Setting sensible priorities for him or herself and those being supervised. It’s easy to yell for results and set near-impossible targets, but all it proves is that you’re an idiot. Macho management, the approach most often practiced today, is based on the erroneous belief that pushing people to their limit is both motivating and acceptable. In reality, all it does is encourage them to cut corners and feed you with whatever you want to hear, just to get you off their backs. No one can do quality work, let alone be creative, if they’re stressed and exhausted. Focus only on what really matters and dump the rest.

Carmine Coyote from Slow Leadership

In this respect, good leaders are kind of like good teachers.  They set goals/assignments that are carefully chosen to help people stretch but still succeed.  The momentum of success is then carried on to the next goal/assignme

I know it’s three, but I believe these three are the tripod of success: Insight, Influence, Integrity.

Shelley Holmes from Leadership and Motivation Training

The ability to understand beyond what is apparent on the surface, the ability to move people toward a desired result, and the ability to operate ethically and inline with your values are all key traits.

Empathy. Understanding others. ‘Sizing people up’.

David Straker from Changing Minds

“Sizing people up” is an interesting skill to try to develop.  Some people have an uncanny ability to read people, but everyone can develop at least some skill in this area simply by becoming more conscious of how you “feel” about various people you meet.

Listening. It is the key to learning, adapting, building community, and developing vision.

Don Frederiksen from Lead Quietly

I think this ties in well with humility that was suggested earlier.  People who are not humble are not going to listen.  People who don’t listen are going to make mistakes that could have been avoided.

Effective communication skills are vital. That includes giving assignments, checking for understanding, following up to make sure that understanding translates into behavior and talking to people about performance or behavior in ways that help them and the team perform better.
For one behavior, I’d pick touching base a lot. Many good things flow from this.

Wally Bock from Three Star Leadership

I see a lot of leaders with a deficit in the area of followup.  They give assignments without any clear indication of how or when success will be measured.  From what I’ve seen of the military leadership model, they seem to do a great job of associating goals and assignments with measurements of success and planned followup.  It is much easier to move forward when followup becomes part of the culture instead of something that only occurs when things go wrong.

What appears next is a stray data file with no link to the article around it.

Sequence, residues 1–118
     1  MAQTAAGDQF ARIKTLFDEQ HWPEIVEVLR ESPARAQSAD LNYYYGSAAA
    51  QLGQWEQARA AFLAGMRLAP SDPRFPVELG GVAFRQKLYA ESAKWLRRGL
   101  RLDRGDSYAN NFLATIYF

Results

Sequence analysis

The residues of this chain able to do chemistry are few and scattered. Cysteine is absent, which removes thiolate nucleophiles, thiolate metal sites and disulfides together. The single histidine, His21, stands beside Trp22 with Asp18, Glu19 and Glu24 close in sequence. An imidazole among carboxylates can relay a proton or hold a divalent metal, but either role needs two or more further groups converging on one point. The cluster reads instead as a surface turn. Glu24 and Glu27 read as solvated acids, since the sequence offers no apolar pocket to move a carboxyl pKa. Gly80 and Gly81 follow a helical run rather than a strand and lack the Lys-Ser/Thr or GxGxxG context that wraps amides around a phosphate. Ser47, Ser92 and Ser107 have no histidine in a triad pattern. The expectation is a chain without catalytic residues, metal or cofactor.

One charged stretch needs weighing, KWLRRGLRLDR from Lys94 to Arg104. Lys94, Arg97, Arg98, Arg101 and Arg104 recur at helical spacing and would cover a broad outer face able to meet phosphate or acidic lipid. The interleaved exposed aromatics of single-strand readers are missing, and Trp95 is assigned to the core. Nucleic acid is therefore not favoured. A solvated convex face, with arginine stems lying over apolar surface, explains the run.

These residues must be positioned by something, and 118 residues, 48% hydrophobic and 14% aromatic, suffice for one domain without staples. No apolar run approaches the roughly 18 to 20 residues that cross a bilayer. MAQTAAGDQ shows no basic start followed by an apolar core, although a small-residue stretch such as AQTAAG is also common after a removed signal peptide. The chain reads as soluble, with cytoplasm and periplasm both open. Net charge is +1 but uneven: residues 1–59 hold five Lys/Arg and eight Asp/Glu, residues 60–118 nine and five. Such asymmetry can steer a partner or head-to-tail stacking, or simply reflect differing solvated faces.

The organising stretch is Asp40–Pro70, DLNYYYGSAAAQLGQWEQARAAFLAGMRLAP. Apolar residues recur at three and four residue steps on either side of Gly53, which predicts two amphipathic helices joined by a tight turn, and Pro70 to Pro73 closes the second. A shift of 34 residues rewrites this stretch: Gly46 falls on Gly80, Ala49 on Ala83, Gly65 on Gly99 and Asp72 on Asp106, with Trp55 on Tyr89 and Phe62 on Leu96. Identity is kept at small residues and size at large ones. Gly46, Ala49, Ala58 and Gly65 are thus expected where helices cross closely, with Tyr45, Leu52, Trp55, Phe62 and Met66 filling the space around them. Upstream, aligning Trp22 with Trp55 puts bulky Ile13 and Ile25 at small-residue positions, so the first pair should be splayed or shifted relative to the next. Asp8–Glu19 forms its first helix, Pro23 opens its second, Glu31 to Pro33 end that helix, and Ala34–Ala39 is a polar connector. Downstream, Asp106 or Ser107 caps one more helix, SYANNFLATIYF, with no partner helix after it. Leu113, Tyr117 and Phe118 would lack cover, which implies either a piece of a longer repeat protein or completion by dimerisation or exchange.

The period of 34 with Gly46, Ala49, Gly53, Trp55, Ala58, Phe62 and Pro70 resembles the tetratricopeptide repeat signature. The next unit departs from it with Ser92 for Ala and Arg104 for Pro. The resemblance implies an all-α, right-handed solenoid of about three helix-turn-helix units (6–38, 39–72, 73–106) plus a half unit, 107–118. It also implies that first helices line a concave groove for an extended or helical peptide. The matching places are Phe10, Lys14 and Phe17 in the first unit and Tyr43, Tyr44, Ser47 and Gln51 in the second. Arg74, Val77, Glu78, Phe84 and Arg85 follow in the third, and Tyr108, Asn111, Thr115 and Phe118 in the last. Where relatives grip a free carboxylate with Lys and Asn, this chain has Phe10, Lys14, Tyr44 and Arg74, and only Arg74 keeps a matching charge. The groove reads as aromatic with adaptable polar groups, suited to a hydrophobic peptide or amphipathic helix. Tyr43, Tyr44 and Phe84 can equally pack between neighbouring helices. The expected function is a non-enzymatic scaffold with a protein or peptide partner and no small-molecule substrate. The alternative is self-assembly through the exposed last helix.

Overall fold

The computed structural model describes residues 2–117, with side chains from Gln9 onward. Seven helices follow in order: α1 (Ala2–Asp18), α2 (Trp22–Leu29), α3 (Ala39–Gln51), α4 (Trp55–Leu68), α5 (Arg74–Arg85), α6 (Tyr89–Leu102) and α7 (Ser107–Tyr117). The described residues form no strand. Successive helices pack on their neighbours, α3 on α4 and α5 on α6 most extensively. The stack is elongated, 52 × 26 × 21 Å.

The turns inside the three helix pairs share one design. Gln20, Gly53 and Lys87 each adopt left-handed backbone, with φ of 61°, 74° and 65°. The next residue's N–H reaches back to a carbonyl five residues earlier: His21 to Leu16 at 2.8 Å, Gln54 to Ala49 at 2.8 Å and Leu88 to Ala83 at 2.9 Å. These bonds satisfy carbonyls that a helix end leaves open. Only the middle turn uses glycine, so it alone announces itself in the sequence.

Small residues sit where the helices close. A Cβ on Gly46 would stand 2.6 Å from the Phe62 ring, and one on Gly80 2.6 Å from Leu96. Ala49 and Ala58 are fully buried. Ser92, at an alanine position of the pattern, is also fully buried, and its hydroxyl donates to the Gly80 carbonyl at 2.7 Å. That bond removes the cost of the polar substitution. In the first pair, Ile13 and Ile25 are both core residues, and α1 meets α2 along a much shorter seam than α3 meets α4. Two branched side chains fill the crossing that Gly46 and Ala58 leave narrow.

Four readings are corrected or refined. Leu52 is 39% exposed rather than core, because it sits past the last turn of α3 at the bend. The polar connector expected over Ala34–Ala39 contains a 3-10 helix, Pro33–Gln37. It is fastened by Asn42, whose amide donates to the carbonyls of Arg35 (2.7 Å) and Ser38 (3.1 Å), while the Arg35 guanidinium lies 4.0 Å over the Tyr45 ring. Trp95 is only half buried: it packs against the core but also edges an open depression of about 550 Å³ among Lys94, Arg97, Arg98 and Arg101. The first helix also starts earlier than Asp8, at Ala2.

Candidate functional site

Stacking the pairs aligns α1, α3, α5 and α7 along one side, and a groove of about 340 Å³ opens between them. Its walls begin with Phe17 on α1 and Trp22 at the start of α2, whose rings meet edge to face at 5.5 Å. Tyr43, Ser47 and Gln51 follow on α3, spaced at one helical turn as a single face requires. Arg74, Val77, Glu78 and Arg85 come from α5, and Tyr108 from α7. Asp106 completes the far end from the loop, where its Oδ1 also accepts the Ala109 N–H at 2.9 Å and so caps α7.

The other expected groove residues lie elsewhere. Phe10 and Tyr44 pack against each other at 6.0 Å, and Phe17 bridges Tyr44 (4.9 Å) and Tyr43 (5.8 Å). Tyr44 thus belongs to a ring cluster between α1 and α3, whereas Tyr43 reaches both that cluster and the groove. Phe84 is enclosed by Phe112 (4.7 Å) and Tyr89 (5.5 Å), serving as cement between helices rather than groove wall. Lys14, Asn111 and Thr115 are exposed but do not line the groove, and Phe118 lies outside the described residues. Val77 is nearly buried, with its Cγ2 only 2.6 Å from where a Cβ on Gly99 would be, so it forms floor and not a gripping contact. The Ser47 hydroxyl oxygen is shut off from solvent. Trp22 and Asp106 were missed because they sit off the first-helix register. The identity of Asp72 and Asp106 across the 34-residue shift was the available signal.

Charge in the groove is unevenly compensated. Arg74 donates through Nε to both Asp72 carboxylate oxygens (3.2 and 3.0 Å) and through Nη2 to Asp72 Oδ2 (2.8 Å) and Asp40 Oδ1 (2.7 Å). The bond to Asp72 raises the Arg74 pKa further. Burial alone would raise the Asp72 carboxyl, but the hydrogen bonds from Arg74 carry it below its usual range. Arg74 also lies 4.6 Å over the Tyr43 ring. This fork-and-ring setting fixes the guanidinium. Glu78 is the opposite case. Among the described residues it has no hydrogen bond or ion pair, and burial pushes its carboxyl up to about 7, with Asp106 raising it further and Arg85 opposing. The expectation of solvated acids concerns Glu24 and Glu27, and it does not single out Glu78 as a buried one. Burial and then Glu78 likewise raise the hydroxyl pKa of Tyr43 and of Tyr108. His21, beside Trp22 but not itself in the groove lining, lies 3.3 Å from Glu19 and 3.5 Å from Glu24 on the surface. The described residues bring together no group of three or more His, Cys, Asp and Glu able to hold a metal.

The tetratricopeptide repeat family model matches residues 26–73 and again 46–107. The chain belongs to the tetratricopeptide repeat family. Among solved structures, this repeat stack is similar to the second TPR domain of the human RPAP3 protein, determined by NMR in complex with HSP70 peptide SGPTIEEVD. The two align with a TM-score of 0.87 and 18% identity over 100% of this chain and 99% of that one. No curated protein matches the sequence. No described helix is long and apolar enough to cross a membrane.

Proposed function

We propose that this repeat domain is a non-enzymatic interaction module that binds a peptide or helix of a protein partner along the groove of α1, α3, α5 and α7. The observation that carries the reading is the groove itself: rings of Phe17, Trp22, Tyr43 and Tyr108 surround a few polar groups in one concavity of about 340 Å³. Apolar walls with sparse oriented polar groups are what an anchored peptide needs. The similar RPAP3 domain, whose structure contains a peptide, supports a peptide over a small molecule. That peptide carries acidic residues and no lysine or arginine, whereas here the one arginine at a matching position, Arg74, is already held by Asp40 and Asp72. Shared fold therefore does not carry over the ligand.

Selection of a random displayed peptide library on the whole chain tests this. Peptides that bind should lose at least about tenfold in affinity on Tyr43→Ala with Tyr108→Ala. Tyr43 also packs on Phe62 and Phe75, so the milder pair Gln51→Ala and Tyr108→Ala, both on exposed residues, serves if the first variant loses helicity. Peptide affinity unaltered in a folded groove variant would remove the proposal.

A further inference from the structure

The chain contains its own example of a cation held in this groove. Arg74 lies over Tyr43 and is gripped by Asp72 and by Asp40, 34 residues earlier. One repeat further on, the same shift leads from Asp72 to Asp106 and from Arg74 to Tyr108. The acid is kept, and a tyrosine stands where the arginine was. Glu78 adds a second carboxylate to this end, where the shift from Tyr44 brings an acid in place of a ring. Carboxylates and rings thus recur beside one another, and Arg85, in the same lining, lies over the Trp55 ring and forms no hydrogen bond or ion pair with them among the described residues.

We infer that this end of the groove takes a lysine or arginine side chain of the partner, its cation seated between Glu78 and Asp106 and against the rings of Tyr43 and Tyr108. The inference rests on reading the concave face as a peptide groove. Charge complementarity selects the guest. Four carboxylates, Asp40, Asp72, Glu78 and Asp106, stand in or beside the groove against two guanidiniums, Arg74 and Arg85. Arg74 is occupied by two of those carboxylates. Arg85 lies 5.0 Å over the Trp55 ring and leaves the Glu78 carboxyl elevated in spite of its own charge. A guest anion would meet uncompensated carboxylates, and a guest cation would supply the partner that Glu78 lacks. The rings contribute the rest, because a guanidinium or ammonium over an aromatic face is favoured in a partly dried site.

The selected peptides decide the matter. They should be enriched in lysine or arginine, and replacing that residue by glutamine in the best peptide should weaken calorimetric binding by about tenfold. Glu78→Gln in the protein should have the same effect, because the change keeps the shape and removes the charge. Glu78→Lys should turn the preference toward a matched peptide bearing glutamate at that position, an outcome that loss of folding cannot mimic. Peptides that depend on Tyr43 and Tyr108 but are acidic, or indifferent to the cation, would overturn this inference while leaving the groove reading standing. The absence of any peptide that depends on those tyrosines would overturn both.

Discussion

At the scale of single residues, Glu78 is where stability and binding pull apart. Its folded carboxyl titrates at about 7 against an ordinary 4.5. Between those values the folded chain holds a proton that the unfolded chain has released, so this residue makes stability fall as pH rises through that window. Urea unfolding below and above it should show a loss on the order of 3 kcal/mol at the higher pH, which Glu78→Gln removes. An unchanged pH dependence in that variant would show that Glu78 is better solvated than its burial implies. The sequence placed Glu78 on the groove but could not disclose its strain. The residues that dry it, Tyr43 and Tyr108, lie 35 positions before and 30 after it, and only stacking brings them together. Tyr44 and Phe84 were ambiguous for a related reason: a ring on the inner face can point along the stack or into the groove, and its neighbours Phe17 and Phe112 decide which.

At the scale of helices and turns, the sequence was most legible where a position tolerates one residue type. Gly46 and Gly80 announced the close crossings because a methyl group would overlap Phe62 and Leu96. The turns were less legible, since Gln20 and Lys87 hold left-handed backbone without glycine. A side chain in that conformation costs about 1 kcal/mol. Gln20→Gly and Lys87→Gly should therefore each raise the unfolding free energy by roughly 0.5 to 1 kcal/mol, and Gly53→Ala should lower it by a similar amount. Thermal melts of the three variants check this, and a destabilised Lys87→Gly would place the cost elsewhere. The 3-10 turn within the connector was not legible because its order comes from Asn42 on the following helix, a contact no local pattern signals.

Connected to my first answer, my vote would be for communication skills. You can have the most fabulous, legacy-destined message in the world, but you won’t get very far if you cannot articulate it clearly enough to inspire others, causing them to enroll in your goal or movement. Campaigning wow projects has to be your forte: Great leaders are energy creators who infuse people with optimism and fire them up with positive expectancy.

Rosa Say from Managing with Aloha Coaching

Another vote for communication.  It is interesting to consider that the leader with a mediocre vision and good communication skills may still accomplish more than someone with a great vision and mediocre communication skills.

Assertiveness. Clean, clear, unequivocal, don’t-mess-about-with-me, communication is the essential tool of leadership. People need to understand you and they need to know what is important, why it is important, and when it has to be done by. Without this skill, you’ll find delegating very difficult and will become endlessly mired down in tactical detail.

Rowan Manahan from Fortify Your Oasis

When Lafayette was working with Washington’s troops he commented on how the American soldiers would do anything once they knew the reasoning behind it.

Relationship-building. You must be able to walk the walk and talk the talk with people from all angles of the organization. Be nice, friendly, firm, and persuasive. I had a great boss who said that you can easily learn the ‘analytics stuff’, but it takes years of grinding to influence throughout the organization.

Dan Naden from Naden’s Corner

Influence is something very hard to measure, but very vital in getting almost anything done.

The ability to enroll their team in helping to deliver the solution or change needed by helping them all to become leaders, i.e. by building a “distributed leadership” approach in the team, rather than the old-fashioned hierarchical structures.